WASHINGTON (Gray DC) - Wisconsin election officials are requesting a presidential vote recount begin Thursday and finish by noon on December 13th. This, as votes are still being counted 20 days after Donald Trump was elected president. Wisconsin is the first of a possible three states to issue a recount. Jill Stein, who filed in Wisconsin, has yet to file in Michigan and Pennsylvania.
"Recounting sounds easy, but if we remember Bush v. Gore, it was very complicated, and time ran out," says Professor Paul Rothstein of Georgetown Law School.
Green party candidate Jill Stein earned just 31,000 votes in comparison to Donald Trump's 1.4 million and Hillary Clinton's 1.38 million in Wisconsin. Still, Stein is the one who has raised millions of dollars for the recount.
"I think it’s only natural, and it’s good for Americans to be reassured our votes are counted," said Stein, who is concerned about computer tampering. "The equipment that we use is not just open to hacks but invites hacks."
Stein has yet to point to a specific reason for the recount, but data experts have suggested there is a discrepancy between results in electronic and paper ballots.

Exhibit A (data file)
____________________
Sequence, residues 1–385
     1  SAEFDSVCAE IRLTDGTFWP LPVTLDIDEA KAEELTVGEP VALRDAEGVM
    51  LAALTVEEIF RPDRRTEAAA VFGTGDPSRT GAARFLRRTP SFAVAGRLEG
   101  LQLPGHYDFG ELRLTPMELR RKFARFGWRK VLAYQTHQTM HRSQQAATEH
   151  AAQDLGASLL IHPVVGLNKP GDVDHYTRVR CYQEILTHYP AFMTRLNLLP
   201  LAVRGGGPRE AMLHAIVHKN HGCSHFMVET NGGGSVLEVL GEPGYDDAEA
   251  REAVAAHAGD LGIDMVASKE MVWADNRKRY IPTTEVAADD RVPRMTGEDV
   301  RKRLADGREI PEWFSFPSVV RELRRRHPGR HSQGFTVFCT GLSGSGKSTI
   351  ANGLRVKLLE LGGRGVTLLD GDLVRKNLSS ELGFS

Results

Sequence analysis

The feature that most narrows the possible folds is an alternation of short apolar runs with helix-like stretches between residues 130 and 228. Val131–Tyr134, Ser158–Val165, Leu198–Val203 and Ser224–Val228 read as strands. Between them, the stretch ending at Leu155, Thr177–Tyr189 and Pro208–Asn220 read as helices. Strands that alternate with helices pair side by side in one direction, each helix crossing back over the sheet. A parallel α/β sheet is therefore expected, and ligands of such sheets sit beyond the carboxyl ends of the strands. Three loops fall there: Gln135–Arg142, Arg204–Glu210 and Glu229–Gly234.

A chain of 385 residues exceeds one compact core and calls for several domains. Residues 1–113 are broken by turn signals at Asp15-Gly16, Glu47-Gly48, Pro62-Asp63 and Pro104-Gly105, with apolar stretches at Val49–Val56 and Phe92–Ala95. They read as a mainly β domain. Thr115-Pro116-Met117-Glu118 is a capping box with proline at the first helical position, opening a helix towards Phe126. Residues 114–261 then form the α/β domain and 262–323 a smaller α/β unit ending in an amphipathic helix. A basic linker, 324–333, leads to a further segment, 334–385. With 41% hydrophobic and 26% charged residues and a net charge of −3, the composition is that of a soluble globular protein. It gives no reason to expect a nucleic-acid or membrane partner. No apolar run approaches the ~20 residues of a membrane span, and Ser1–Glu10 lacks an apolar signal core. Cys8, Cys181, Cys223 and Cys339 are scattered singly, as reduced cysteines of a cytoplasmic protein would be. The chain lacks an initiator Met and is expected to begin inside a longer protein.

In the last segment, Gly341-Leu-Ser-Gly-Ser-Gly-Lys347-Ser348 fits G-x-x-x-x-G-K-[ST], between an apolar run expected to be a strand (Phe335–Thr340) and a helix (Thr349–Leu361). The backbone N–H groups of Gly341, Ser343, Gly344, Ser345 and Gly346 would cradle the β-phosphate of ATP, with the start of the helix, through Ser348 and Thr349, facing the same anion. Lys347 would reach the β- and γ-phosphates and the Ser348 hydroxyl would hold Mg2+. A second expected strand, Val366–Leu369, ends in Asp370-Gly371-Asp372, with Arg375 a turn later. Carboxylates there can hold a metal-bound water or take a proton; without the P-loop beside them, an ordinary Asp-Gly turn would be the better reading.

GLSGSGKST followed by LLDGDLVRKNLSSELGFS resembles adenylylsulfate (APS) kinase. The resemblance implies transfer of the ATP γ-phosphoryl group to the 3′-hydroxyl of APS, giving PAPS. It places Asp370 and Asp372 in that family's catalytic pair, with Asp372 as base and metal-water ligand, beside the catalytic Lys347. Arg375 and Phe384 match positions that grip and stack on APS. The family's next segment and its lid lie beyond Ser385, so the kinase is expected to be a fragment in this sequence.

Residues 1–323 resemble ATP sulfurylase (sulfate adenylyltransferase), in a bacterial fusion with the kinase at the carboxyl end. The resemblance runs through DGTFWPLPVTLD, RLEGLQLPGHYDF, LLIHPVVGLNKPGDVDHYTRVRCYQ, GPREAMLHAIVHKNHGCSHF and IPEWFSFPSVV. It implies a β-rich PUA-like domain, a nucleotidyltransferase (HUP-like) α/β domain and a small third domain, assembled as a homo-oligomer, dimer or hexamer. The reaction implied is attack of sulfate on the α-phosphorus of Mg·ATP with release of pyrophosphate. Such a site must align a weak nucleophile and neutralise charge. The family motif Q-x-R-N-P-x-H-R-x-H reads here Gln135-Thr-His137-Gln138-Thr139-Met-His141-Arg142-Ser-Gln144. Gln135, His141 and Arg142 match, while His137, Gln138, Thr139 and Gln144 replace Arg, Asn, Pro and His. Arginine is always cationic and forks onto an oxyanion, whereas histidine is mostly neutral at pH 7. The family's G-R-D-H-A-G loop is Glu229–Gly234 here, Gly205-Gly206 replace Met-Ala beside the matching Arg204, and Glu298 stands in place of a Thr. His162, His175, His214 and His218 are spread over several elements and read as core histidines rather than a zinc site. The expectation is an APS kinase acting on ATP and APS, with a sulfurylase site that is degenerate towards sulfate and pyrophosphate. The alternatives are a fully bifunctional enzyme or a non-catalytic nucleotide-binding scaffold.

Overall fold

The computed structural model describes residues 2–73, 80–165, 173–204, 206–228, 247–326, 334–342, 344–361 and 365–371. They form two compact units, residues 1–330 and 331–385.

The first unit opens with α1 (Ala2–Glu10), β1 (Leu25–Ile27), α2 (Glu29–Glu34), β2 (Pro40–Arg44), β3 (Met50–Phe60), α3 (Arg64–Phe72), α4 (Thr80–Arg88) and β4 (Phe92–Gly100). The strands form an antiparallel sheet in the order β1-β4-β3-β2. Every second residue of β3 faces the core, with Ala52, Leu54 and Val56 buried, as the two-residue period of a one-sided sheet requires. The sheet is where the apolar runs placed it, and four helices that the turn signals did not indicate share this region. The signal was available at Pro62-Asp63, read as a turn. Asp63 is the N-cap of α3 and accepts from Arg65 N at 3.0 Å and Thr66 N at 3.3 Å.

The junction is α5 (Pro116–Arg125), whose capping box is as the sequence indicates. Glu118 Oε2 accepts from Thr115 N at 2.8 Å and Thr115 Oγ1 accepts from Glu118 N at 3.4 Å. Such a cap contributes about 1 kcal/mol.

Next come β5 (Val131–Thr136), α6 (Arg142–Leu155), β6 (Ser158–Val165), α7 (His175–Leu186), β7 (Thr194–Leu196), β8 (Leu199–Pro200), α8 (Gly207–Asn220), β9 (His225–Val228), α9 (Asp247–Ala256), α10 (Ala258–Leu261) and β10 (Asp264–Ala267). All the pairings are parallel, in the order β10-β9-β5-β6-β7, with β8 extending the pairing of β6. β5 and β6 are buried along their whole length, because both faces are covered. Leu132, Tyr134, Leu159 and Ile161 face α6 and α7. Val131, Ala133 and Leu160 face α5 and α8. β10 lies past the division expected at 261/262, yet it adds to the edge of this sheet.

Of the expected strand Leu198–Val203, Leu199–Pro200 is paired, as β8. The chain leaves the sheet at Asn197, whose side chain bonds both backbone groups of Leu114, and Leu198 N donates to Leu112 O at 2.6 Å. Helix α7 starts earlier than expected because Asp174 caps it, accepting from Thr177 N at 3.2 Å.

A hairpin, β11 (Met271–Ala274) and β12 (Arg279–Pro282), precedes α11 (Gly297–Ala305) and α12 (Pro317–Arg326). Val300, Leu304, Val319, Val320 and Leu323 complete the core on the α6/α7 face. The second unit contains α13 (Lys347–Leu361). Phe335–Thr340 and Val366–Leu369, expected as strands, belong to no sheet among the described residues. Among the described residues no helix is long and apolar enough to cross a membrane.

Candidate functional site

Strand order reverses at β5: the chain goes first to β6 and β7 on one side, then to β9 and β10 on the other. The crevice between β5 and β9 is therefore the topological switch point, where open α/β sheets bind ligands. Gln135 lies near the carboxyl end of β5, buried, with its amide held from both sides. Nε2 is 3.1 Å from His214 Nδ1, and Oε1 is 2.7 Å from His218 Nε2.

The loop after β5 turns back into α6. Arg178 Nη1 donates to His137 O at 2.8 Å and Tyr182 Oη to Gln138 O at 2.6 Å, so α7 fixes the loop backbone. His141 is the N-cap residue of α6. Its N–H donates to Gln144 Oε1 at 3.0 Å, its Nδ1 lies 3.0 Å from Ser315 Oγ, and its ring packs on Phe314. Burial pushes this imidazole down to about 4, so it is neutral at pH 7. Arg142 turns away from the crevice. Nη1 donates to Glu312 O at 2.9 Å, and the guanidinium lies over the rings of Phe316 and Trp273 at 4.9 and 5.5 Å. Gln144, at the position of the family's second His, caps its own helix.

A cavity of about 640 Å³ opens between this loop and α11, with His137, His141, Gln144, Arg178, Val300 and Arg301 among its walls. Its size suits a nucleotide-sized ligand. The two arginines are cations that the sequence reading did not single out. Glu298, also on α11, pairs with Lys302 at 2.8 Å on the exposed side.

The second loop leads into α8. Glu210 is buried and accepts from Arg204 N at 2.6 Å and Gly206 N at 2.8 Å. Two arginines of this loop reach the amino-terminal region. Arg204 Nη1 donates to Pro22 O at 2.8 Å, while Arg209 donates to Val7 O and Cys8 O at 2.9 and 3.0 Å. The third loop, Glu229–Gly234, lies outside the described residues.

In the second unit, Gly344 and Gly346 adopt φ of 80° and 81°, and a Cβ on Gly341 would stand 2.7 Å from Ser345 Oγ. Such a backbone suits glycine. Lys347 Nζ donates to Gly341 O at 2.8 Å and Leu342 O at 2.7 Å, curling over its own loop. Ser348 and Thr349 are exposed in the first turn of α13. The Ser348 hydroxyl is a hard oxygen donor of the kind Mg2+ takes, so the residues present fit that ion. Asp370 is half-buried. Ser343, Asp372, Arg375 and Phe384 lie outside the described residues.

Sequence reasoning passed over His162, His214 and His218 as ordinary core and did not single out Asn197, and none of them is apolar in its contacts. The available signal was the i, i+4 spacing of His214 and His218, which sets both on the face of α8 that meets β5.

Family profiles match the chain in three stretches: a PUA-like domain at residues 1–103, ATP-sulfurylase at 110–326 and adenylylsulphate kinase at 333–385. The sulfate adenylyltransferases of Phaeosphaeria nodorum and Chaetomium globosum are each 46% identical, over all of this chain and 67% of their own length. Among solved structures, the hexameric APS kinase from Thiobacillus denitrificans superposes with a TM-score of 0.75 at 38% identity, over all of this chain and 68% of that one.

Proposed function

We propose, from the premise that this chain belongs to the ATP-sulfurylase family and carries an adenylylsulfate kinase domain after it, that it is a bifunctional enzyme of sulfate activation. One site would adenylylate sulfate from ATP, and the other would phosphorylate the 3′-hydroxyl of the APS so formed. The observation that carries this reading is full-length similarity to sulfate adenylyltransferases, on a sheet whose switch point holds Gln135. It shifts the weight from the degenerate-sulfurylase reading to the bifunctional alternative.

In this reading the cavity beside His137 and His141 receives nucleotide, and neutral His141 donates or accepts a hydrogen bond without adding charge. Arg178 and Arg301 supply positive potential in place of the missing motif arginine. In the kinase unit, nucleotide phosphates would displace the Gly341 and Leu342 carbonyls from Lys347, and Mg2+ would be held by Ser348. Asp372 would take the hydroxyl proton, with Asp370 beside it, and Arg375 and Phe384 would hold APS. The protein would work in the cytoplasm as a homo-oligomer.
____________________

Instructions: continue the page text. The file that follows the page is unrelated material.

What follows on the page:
Many have also expressed concerns about the results in light of alleged hacking during the campaign cycle.
Hillary Clinton's campaign has joined the recount efforts as well, though she will be unable to win the electoral college by winning one state. She will have to win all three to alter the results.
Additionally, if the recount isn't finished by the December 19th electoral vote, it's possible neither candidate will get any of those states' electoral votes. In that case, neither Clinton nor Trump would be able to reach the 270 needed to clinch the presidency. Instead, the decision to choose the president would head to the republican-controlled House of Representatives.
Professor Rothstein says Americans can expect legal battles throughout the duration of the recount process, specifically because two of the three potentially challenging states have republican governors.
"There will be charges that the process is being slowed or that it’s not being done right," he said. "That’s where the vulnerability for legal challenges are."
Rothstein says, however, if procedures are followed correctly and the results change, Donald Trump wouldn't have legal grounds to reverse the decision.